icrosoft Office 365 is a powerful resource just waiting to be used to its full potential within the Alberta Conference. MS Office 365 is the standard cloud-based software solution provided to all office and pastoral staff in the Alberta Conference. In addition to staff, churches within the Conference can request additional access to a MS 365 subscription for their local leaders.1 What possibilities exist in the local church with Microsoft Office 365? What benefits could it provide? Here are just a few: 1. Communicate, collaborate, and improve productivity 2 2. Manage meetings 3 3. Collaborate on files with Outlook,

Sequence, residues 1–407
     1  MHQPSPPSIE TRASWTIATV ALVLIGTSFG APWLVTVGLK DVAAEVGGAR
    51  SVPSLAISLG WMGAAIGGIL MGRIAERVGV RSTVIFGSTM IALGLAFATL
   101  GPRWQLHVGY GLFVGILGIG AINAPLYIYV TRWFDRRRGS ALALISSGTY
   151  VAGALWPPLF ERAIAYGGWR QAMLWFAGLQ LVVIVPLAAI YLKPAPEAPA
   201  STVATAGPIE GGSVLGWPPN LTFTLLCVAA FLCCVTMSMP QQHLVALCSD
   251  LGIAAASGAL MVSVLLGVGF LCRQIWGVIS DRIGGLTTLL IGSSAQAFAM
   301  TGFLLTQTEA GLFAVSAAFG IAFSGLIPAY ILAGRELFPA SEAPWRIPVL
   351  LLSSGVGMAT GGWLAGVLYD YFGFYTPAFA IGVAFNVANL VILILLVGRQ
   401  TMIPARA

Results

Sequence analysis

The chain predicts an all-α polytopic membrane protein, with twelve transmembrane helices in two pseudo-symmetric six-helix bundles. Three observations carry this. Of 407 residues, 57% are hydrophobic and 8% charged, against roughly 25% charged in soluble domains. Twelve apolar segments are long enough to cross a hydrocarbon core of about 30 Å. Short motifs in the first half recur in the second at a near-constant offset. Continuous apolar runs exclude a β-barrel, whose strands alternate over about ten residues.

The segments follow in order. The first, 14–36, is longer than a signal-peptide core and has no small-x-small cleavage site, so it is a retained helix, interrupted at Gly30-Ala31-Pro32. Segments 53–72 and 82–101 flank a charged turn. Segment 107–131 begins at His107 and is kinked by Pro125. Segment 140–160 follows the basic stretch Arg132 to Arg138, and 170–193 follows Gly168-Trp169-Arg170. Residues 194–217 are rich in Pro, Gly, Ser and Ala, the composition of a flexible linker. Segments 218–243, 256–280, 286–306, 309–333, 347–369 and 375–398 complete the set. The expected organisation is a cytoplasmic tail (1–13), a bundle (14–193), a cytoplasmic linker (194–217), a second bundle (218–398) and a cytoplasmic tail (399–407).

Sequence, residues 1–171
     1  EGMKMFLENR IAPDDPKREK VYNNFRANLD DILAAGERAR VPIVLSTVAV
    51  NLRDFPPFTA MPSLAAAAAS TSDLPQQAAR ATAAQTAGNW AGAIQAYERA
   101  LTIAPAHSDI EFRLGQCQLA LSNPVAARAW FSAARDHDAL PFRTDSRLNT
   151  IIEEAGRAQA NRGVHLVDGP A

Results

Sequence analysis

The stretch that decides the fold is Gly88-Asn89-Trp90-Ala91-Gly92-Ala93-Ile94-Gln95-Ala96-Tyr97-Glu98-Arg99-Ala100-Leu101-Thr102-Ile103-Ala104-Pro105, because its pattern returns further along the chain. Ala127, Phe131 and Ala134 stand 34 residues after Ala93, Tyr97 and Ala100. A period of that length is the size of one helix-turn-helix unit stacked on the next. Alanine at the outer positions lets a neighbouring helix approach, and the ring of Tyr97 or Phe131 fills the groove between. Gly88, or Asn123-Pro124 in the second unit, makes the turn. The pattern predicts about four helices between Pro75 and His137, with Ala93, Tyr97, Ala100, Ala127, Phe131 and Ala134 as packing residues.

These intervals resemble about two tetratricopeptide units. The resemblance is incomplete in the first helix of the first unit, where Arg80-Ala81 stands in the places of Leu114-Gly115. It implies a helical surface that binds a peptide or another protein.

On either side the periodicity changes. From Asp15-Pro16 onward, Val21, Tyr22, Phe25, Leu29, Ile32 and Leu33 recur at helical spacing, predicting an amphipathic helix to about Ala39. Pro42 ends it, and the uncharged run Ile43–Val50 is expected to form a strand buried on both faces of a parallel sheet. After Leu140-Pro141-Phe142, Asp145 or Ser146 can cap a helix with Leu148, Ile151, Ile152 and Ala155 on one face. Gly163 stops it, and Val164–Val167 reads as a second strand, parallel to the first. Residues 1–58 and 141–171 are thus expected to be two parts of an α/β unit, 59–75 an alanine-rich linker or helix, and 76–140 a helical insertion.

Pastor Doe established a Microsoft Team, called "Church Board." Pastor Doe and the Clerk/Board Secretary use the MS Team site and its corresponding Sharepoint location to store and access essential board documents including meeting minutes, OneDrive, Word, Excel, agendas, quotes, proposals, PowerPoint, OneNote, departmental and treasury SharePoint, Microsoft reports, and other data relevant Teams, and others 4 to monthly Board discussions. 4. Record meetings The Church Board members to capture audio, appreciate the MS Team video, and screen because they can reference sharing activity. related Board documents 5. Keep shared files for their monthly meetings, in a single, secure from the cloud. Pastor Doe location that everyone and the Clerk love this setup can access because they know the Board 6. Stay connected from Members can reference any location with chats, materials from anywhere they meetings, and calls. have an Internet connection. Pastor Doe and the Board rests Here are two examples assured that the documents of how Churches have and data are stored securely. used MS Office 365: Additionally, with SharePoint, the Clerk can Example 1: Storing digitize and store current and Files for Church Board historical church records. With Pastor John Doe of XYZ powerful search tools included, Church has MS Office any documents the Clerk needs 365 set up for each of to reference may be located the Board Members. with a few clicks on the keypad.